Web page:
Africa Geographic Travel

5 Amazing African Trees

When my mum and dad first began dating, my dad was stationed in the Kruger National Park, where he was working on vegetation maps for the army. My mum, desperate to impress her new wilderness man, decided to study the names of trees. It worked! And now, years later, she still surprises us by sprouting the occasional Latin name on game drives.

So whatever your reason for wanting to learn about trees, you’ll be surprised at how satisfying it can be, bringing a whole new dimension to your game viewing experience. Besides, you never know what wide-eyed creature could be peeping down at you from the leaves you are so carefully observing… So here are 5 common trees, all found in the Kruger National Park and throughout Africa, to get you started.

Why are trees are so important?

The Baobab: Adansonia digitata

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As one of the most iconic symbols of Africa, this majestic tree hardly needs an introduction.  As legend goes, the baobab was planted in the earth upside down by a disgruntled hyena who was angry because the gods had given each animal a seed to plant – in order to green the world – and he was left until last.

The baobab is easy to recognise with it’s large swollen trunk and branches, and shiny smooth grey bark, wrinkled in parts like an elephant’s skin. In summer, green finger-like leaves cover the baobab’s otherwise bare branches, responsible for the latin name digitata meaning like digits – a hand with five fingers. The fruit resembles a velvety brown mini-mango and is well-loved by human and animal alike.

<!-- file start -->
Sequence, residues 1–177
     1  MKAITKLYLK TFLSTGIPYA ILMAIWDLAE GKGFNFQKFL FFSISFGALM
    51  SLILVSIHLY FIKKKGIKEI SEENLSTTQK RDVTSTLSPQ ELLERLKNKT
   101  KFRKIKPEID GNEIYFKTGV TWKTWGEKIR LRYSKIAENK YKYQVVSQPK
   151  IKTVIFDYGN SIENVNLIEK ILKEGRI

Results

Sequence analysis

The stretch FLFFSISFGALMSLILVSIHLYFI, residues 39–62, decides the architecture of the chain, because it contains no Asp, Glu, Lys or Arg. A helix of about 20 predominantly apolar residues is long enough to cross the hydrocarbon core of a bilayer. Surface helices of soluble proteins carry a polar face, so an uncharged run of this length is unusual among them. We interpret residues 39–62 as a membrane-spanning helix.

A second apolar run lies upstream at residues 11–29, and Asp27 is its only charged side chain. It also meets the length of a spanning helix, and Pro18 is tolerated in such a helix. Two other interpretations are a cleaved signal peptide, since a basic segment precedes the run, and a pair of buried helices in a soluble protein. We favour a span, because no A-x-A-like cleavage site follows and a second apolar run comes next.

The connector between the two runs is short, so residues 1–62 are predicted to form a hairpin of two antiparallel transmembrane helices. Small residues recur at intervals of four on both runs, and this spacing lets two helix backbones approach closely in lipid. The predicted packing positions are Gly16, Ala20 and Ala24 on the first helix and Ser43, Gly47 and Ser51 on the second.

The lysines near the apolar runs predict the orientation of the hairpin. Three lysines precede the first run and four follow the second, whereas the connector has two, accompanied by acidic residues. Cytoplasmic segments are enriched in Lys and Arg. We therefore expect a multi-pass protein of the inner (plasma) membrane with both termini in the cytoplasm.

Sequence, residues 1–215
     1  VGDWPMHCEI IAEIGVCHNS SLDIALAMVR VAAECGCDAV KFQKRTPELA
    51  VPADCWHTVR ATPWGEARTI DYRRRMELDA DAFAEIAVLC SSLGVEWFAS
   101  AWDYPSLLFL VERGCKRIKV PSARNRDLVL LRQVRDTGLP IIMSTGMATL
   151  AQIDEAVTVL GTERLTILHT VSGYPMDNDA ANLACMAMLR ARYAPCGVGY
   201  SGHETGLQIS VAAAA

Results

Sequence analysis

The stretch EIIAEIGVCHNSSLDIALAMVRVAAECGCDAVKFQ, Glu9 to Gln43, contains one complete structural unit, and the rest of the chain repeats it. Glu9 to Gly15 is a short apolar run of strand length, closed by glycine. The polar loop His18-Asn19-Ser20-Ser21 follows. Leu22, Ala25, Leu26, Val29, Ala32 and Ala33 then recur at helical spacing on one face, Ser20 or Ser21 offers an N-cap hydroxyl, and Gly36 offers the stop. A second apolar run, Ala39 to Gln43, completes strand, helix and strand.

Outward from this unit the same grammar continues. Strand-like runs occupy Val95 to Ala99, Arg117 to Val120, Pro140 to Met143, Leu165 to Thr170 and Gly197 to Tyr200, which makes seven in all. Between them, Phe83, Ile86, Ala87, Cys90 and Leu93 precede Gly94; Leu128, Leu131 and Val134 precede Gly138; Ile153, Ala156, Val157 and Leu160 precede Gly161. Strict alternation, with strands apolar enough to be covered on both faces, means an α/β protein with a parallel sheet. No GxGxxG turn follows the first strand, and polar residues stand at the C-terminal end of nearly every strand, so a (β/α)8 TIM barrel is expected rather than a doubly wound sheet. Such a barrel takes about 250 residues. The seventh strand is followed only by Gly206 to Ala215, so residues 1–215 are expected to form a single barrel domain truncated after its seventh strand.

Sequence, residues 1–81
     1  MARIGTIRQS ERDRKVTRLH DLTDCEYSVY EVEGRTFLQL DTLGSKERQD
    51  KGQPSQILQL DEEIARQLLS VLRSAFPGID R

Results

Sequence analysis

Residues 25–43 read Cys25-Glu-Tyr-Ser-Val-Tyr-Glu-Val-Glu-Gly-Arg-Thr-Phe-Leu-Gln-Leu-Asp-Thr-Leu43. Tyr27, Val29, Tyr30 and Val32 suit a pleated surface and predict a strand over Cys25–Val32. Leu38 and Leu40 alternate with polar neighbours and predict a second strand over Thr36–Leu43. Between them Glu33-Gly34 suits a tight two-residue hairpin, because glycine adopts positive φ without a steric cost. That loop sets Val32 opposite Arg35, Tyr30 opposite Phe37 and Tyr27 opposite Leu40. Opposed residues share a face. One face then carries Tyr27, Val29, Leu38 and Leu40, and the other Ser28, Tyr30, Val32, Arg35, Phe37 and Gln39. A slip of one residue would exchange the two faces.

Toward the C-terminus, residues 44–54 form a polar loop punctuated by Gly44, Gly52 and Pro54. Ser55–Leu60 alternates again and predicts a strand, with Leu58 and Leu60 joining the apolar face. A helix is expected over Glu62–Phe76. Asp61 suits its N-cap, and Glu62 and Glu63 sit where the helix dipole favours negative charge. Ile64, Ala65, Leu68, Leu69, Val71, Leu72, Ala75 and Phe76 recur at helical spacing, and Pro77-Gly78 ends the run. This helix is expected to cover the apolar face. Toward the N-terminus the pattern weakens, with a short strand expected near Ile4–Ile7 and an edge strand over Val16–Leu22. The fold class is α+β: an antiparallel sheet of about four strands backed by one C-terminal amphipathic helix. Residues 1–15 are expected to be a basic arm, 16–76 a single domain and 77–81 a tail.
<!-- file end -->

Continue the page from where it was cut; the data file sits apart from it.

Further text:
The tree can reach a diameter of more than 20 metres, after about 3000 years.

Learn about the biggest baobab in Africa:

Marula: Sclerocarya birrea

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When I think marula, I usually think Amarula – the delicious creamy liquor that is proudly South African. The drink is made from the fruit of this tree, which is the size of a plum and changes from green to yellow as it ripens and falls to the ground. Although it has a large hard pip, bigger that the actual flesh of the fruit, it contains more vitamin C than an orange …  a good excuse to drink more Amarula perhaps? The tree grows to about 7 – 18 metres and is easily identified by the trunk, which has circular dents as if it’s had tennis balls flung at it. The truck is strait and upright and the tree has simple leaves. ‘Marula’ is Shangaan for ‘elephant tree’ and is loved by these beautiful giants to the point that they will actually shake the tree to release the unreachable fruit. The marula tree’s soft wood is used to make mokoros in Okavango delta.